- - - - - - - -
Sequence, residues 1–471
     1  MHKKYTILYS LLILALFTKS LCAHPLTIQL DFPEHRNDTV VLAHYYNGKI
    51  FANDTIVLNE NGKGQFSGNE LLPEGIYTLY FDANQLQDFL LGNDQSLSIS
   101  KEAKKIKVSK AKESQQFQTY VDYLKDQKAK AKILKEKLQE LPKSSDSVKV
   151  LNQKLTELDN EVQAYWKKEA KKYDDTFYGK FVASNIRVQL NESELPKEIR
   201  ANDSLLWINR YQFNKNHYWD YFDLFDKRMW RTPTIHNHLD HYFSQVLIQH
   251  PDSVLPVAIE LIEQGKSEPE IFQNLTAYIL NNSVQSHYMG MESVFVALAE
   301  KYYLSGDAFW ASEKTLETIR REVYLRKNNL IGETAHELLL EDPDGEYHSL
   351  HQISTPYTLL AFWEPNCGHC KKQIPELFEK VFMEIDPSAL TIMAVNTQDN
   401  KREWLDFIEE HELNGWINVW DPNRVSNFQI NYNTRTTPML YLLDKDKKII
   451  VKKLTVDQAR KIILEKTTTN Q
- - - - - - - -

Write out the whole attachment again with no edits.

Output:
Sequence, residues 1–471
     1  MHKKYTILYS LLILALFTKS LCAHPLTIQL DFPEHRNDTV VLAHYYNGKI
    51  FANDTIVLNE NGKGQFSGNE LLPEGIYTLY FDANQLQDFL LGNDQSLSIS
   101  KEAKKIKVSK AKESQQFQTY VDYLKDQKAK AKILKEKLQE LPKSSDSVKV
   151  LNQKLTELDN EVQAYWKKEA KKYDDTFYGK FVASNIRVQL NESELPKEIR
   201  ANDSLLWINR YQFNKNHYWD YFDLFDKRMW RTPTIHNHLD HYFSQVLIQH
   251  PDSVLPVAIE LIEQGKSEPE IFQNLTAYIL NNSVQSHYMG MESVFVALAE
   301  KYYLSGDAFW ASEKTLETIR REVYLRKNNL IGETAHELLL EDPDGEYHSL
   351  HQISTPYTLL AFWEPNCGHC KKQIPELFEK VFMEIDPSAL TIMAVNTQDN
   401  KREWLDFIEE HELNGWINVW DPNRVSNFQI NYNTRTTPML YLLDKDKKII
   451  VKKLTVDQAR KIILEKTTTN Q